The Free Press WV

Applesauce cakes don’t have a singular definition; they run the gamut from dense, chunky fruitcakes to gummy “health” cakes without much flavor. We wanted a moist and tender cake that actually tasted like apples.

To achieve the loose, rustic crumb that’s best suited to a snack cake, we used the simple quick-bread mixing method, mixing the wet ingredients separately and then gently adding the dry ingredients by hand.

The challenge lay in adding more apple flavor. Simply increasing the applesauce made for a gummy cake, and fresh apples added too much moisture. But two other sources worked well: apple cider and dried apples.

When reduced to a syrup, the apple cider contributed a pleasing sweetness and a slight tang without excess moisture. And dried apples_plumped in the cider while it was reducing_gave our cake even more apple flavor.

We liked the textural contrast provided by a simple sprinkling of spiced granulated sugar over the cake before baking. This cake is very moist, so it’s best to err on the side of overbaked when testing its doneness. We prefer the rich flavor of cider, but you can substitute apple juice.


Servings: 9

Start to finish: 1 hour (plus up to 2 hours to cool)

1 cup apple cider

3/4 cup dried apples, cut into 1/2-inch pieces

1 cup unsweetened applesauce, room temperature

2/3 cup (4 2/3 ounces) sugar

1/2 teaspoon ground cinnamon

1/4 teaspoon ground nutmeg

1/8 teaspoon ground cloves

1 1/2 cups (7 1/2 ounces) all-purpose flour

1 teaspoon baking soda

1 large egg, room temperature

1/2 teaspoon salt

8 tablespoons unsalted butter, melted and cooled

1 teaspoon vanilla extract

Adjust oven rack to middle position and heat oven to 325 F. Make foil sling for 8-inch square baking pan by folding 2 long sheets of aluminum foil so each is 8 inches wide. Lay sheets of foil in pan perpendicular to each other, with extra foil hanging over edges of pan. Push foil into corners and up sides of pan, smoothing foil flush to pan.

Combine cider and dried apples in small saucepan and simmer over medium heat until liquid evaporates and mixture appears dry, about 15 minutes. Let mixture cool completely, then process with applesauce in food processor until smooth, 20 to 30 seconds.

Whisk sugar, cinnamon, nutmeg, and cloves together in bowl; set aside 2 tablespoons mixture for topping. Whisk flour and baking soda together in second bowl.

Whisk egg and salt together in large bowl. Whisk in sugar mixture until well combined and light-colored, about 20 seconds. Whisk in melted butter in 3 additions, whisking after each addition until incorporated. Whisk in applesauce mixture and vanilla. Using rubber spatula, fold in flour mixture until just combined.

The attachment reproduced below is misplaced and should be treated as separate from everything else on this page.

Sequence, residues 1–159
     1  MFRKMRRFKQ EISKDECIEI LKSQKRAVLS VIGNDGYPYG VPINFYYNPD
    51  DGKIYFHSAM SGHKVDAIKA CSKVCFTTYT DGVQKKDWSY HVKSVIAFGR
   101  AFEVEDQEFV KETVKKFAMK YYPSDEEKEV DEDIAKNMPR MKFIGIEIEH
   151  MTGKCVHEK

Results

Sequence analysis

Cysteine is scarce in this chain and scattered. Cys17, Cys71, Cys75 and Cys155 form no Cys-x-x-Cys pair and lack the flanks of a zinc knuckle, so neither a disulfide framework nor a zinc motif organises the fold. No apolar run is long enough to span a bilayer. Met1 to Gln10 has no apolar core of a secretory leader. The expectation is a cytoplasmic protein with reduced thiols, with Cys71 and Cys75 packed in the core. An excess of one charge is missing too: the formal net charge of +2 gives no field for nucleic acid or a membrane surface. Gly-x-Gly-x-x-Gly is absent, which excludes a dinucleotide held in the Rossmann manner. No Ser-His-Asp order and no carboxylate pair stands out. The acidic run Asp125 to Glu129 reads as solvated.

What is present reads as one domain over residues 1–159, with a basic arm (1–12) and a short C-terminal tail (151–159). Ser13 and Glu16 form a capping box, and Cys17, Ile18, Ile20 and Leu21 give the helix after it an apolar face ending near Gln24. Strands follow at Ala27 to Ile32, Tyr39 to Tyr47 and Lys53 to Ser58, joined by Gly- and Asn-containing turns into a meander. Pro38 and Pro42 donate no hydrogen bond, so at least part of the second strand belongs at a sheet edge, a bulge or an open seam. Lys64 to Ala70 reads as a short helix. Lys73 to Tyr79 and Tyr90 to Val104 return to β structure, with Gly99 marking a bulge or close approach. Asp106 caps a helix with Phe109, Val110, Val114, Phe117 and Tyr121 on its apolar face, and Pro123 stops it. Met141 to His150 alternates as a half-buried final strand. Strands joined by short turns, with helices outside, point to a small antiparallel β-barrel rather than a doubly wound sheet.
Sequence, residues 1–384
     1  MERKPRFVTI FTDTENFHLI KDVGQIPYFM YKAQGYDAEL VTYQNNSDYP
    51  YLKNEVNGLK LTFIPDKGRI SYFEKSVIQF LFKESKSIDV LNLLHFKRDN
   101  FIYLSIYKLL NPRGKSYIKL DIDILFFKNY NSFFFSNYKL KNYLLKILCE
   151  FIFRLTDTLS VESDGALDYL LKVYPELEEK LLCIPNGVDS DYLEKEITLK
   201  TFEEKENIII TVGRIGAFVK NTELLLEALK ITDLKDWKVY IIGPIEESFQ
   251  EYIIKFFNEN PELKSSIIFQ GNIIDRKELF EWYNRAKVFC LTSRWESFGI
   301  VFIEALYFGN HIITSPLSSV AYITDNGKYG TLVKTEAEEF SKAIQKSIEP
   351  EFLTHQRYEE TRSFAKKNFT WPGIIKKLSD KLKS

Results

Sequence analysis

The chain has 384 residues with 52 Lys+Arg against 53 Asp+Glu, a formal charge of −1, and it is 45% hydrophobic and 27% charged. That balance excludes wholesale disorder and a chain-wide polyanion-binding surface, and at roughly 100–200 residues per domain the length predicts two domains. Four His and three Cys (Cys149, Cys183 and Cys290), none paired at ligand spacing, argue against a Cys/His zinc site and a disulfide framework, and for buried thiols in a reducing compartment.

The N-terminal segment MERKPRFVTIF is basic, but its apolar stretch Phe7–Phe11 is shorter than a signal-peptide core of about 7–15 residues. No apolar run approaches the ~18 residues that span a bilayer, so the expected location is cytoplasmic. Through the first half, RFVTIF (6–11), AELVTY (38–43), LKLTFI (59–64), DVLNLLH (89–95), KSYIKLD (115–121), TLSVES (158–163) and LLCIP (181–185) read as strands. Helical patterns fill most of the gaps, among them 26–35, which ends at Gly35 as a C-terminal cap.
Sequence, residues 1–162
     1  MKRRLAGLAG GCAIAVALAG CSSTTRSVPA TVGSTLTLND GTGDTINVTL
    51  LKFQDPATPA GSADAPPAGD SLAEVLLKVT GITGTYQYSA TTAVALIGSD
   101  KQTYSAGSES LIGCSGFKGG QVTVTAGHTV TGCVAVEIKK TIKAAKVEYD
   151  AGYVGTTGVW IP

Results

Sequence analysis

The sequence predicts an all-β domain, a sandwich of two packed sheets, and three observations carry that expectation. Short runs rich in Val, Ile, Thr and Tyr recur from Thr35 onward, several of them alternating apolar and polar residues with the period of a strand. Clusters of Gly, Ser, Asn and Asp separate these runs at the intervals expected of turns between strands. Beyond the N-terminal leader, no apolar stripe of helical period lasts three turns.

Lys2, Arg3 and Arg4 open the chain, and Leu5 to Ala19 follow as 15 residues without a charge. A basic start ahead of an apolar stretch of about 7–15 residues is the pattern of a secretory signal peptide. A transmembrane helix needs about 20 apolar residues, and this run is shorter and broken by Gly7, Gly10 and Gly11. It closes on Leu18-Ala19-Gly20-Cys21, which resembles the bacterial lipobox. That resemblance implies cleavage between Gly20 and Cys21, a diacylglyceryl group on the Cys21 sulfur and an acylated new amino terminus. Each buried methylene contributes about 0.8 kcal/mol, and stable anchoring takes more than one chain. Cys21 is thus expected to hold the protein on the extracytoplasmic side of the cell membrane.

Transfer batter to prepared pan and smooth top with rubber spatula. Gently tap pan on counter to settle batter. Sprinkle reserved sugar mixture evenly over top. Bake until toothpick inserted in center comes out clean, 35 to 40 minutes, rotating pan halfway through baking. Let cake cool completely in pan on wire rack, 1 to 2 hours. Using foil overhang, lift cake from pan. Serve. (Cake can be stored at room temperature for up to 2 days.)


Nutrition information per serving: 278 calories; 97 calories from fat; 11 g fat (7 g saturated; 0 g trans fats); 51 mg cholesterol; 304 mg sodium; 42 g carbohydrate; 1 g fiber; 24 g sugar; 3 g protein.

Hard cider, with a shot of sugar

The Free Press WV

Autumn is the season for falling leaves, pumpkin-spice-flavored everything and apple cider.

Yet new research indicates that, in addition to alcohol, some hard ciders may contain a hefty dose of added sugar, which may not be disclosed on the label.

The researchers report their results in ACS’ Journal of Agricultural and Food Chemistry.

Hard cider, made by fermenting apples or apple juice concentrate, is growing in popularity in the U.S. Apples contain plenty of natural sugars, so adding sweeteners to cider is usually unnecessary.

However, cider makers could add sugar to further sweeten the beverage or speed fermentation.

Although manufacturers are required to list the amount of sugars per serving on the nutrition facts panel, they don’t have to discriminate between those that naturally occur in the product in those that are put in later.

Consuming excessive amounts of added sugars can increase the risk of developing conditions, such as diabetes and high blood pressure.

In light of the World Health Organization’s 2015 recommendation to limit added sugars to 25 grams per day, Sheryl Singerling and colleagues wanted to find out if several popular brands of hard ciders contain added sugar not disclosed in the ingredients list.

Sugars from apples have different ratios of carbon-12 and carbon-13 isotopes than sugars from cane or corn syrup because the plants use different photosynthetic pathways.

So Singerling (then at the University of New Mexico) and coworkers used mass spectrometry to analyze the carbon isotope compositions of 23 ciders sold in the U.S. Six of the ciders were imported from Europe, while the rest were made domestically.

They found that 60 percent of domestic ciders contained added sugars from cane or corn syrup, compared with 20 percent of imported ciders.

However, beet sugar is the most common sweetener in Europe, and the method couldn’t distinguish between apple and beet sugars or honey.

Because of widespread discrepancies between isotope ratios expected from ingredients lists and the observed values, the researchers concluded that labels are not a reliable way to determine whether a cider has added sugar.


The Free Press WV

Beautifully braided, rich, and lightly sweet, freshly baked challah is delicious on its own or smeared with softened butter. After a few days, it’s great dunked in custard and made into French toast for a decadent breakfast.

The best challah is rich with eggs, and it has a dark, shiny crust and a firm but light and tender texture. For our recipe, we tried using bread flour, but it made no significant improvement to loaves we made with the typical all-purpose, so we stuck with that.

We tested many different egg combinations (challah is known as egg bread, after all); for a tender texture and a rich but not overwhelmingly eggy flavor, we found two whole eggs and an additional yolk to be optimal.

We kept with tradition and made the bread dairy-free, using water and oil to hydrate and enrich the crumb instead of the milk and butter found in less authentic versions. (Happily, we found that the challah made with water had a lighter and more appealing texture.) Just 1/4 cup of sugar sweetened the loaf and also contributed to its browned exterior.